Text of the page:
The off-season could bring big changes to several teams who missed the post-season, but what might those changes look like?
Several NHL clubs that failed to qualify for the playoffs face some important off-season roster decisions. Here’s a look at some of them.
Arizona Coyotes. Craig Morgan of Arizona Sports feels the Coyotes must address their need for a top-four defenseman and a first-line center.
Landing a proven top center is their biggest priority but could prove an expensive endeavour. The Coyotes carry depth in promising young players and in draft picks (including two first-round picks in this year’s draft) to dangle as trade bait.
Buffalo Sabres. Jerry Sullivan of The Buffalo News believes the honeymoon is over for Sabres GM Tim Murray. In Sullivan’s estimation, Murray knows how to tear down a roster but has yet to prove he can build one.
Bolstering the defense corps is a must for the Sabres this summer. Last summer, Murray was among those with interest in Anaheim Ducks blueliner Cam Fowler last summer. Perhaps Murray will target Fowler or another of the young Ducks’ rearguards. Murray must also decide if left wing Evander Kane, slated for unrestricted free agent status in July 2018, has a long-term future in Buffalo.
Colorado Avalanche. GM Joe Sakic put to rest recent speculation suggesting center Nathan MacKinnon isn’t an untouchable. Sakic told the Denver Post’s Terry Frei he considers MacKinnon, right wing Miko Rantanen and forward Tyson Jost as “building blocks” and part of the club’s future.
That future might not include center Matt Duchene or left wing Gabriel Landeskog. Both were subjects of frequent trade chatter this season. Prospect defenseman and 2017 Hobey Baker Award winner Will Butcher apparent reluctant to sign with the Avs, which could also make him a trade candidate.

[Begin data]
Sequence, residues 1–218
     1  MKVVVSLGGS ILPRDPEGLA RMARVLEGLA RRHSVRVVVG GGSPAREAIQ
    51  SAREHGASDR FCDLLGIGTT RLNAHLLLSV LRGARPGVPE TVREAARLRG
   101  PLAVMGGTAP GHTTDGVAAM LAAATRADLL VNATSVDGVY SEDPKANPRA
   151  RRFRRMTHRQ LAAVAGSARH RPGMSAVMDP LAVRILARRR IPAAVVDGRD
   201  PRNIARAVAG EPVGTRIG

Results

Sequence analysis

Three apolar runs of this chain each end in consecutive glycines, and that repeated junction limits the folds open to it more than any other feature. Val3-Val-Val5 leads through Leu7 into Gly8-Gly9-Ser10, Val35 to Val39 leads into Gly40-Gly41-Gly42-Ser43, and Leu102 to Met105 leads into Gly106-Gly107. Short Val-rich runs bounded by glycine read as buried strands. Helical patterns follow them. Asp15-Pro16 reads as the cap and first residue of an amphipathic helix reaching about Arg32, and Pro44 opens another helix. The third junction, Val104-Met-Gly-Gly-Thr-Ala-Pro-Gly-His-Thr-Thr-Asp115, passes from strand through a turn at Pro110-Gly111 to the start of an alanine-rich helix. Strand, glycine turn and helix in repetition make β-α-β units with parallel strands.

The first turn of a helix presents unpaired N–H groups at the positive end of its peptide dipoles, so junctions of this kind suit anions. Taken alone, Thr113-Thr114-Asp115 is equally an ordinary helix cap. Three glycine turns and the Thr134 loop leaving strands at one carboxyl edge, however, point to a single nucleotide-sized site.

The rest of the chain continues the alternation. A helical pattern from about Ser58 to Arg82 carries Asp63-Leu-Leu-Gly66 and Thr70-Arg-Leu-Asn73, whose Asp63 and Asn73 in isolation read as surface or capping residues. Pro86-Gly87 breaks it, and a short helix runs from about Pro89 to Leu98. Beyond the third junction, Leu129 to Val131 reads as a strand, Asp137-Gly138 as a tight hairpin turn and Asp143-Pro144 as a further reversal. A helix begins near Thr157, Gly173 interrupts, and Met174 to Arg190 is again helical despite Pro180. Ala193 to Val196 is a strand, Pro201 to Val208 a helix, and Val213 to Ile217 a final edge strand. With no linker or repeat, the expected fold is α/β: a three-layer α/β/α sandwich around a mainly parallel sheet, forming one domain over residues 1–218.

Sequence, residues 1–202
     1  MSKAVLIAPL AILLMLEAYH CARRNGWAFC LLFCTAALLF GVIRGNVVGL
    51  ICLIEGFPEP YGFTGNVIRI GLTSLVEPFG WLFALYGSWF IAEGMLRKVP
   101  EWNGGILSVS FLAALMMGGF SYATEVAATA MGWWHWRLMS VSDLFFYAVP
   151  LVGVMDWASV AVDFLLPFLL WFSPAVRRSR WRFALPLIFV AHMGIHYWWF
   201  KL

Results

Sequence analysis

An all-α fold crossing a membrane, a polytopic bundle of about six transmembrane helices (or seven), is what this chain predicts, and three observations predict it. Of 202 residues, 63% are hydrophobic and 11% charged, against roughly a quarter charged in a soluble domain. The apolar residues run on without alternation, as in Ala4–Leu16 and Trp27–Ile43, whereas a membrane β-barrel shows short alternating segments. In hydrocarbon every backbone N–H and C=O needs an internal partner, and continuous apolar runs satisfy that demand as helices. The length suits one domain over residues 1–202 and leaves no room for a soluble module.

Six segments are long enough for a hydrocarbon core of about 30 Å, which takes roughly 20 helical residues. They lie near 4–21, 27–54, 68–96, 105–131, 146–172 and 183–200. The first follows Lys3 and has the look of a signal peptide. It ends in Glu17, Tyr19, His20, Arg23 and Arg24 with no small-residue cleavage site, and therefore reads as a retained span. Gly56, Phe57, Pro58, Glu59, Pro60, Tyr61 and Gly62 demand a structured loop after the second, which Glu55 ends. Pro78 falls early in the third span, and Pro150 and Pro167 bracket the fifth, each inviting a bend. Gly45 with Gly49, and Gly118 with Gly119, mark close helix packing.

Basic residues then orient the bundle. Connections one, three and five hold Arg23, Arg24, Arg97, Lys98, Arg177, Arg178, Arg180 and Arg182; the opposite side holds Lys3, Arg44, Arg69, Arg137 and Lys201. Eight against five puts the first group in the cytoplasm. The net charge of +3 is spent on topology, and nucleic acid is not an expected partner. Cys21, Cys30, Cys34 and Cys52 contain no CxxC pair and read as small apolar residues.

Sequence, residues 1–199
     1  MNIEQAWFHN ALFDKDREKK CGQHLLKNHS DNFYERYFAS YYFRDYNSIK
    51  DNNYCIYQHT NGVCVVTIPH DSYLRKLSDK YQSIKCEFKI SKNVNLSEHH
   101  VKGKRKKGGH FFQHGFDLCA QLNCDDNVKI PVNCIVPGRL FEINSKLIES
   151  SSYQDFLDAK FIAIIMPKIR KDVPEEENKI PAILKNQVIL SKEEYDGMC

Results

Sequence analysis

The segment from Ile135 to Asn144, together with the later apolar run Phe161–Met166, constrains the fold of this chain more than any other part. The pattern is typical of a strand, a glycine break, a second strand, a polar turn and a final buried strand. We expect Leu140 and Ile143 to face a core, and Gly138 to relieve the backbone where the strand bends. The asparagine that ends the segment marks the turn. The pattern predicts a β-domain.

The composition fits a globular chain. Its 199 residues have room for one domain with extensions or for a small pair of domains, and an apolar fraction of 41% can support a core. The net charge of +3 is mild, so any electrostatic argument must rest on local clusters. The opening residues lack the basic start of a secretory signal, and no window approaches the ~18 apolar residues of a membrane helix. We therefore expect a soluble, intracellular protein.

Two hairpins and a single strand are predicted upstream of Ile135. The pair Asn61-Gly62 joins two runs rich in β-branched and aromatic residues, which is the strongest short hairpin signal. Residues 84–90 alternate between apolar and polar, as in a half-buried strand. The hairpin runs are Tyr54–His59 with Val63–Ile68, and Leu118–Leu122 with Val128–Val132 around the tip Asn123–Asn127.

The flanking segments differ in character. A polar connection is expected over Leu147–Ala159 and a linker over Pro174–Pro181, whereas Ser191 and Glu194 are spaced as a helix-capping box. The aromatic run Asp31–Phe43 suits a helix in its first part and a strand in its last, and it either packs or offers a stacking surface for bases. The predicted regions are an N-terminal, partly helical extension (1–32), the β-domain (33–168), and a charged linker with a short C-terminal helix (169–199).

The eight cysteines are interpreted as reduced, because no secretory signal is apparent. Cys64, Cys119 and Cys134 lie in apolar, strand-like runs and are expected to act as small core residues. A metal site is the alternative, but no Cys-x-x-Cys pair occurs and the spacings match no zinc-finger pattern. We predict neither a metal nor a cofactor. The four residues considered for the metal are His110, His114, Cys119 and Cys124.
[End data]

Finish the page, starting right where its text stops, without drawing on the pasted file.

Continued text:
Dallas Stars. Goaltending remains a serious issue for the Stars. They could dump Kari Lehtonen or Antti Neimi via trade or contract buyout. Free-agent targets could include Ben Bishop of the Los Angeles Kings or Scott Darling of the Chicago Blackhawks.
The Dallas Morning News’ Mike Heika speculates suggests prying promising Joonas Korpisalo away from the Columbus Blue Jackets via trade before the expansion draft. Antti Raanta of the New York Rangers and Philipp Grubauer of the Washington Capitals could also be tempting pre-expansion trade targets.
Detroit Red Wings. John Niyo of The Detroit News believes it’s time for the Wings to engage in a full-fledged roster rebuild. He suggests clearing some cap space by packaging a high-salaried veteran such as Justin Abdelkader or Darren Helm with a promising youngster in hopes of enticing the Vegas Golden Knights.
The Wings need a top-two defenseman and were linked in trade speculation last summer to the Anaheim Ducks’ Cam Fowler and the Winnipeg Jets’ Jacob Trouba. They could revisit that interest or target teams that risk losing a good young defenseman in the expansion draft.
New York Islanders. Determining the future of captain John Tavares tops their agenda. The 26-year-old center is a year away from unrestricted free agency. Newsday’s Neil Best reports Tavares maintains his desire to stay with the Isles, but he’ll have a lot to discuss with the front office in the coming weeks. Questions about the team’s roster plans and future in Brooklyn could dominate those talks.
Best’s colleague Arthur Staple believes mishandling the goaltending trio of Jaroslav Halak, Thomas Greiss and J-F Berube was GM Garth Snow’s biggest downfall. This issue has dogged the Isles for the better part of two seasons. It cannot continue for a third.
Winnipeg Jets. Defenseman Jacob Trouba’s trade status was a hot topic in last summer’s rumor mill. Though he’s under contract through 2017-18, his name could surface again.
Trouba told the Winnipeg Sun’s Ted Wyman he has no problem playing in Winnipeg, but hinted he could play out next season and see what happens. He’ll be a restricted free agent in July 2018 with salary-arbitration rights.
Vancouver Canucks. Jeff Paterson of the Vancouver Sun includes defenseman Alex Edler waiving his no-trade clause among the 10 things he’d like to see from the Canucks in 2017-18. He feels the blueliner looked dispirited this season and in need of a change. Even if the oft-injured Edler agrees to be moved, shopping his $5.25-million cap hit through 2018-19 could prove difficult.
Daniel and Henrik Sedin have one year remaining on their contracts. Sportnet’s Mike Johnston reports the twins don’t see themselves playing for anyone else. Both have full no-movement clauses.
Rumor Roundup appears regularly only on thehockeynews.com. Lyle Richardson has been an NHL commentator since 1998 on his website, spectorshockey.net, and is a contributing writer for Eishockey News and The Guardian (P.E.I.).
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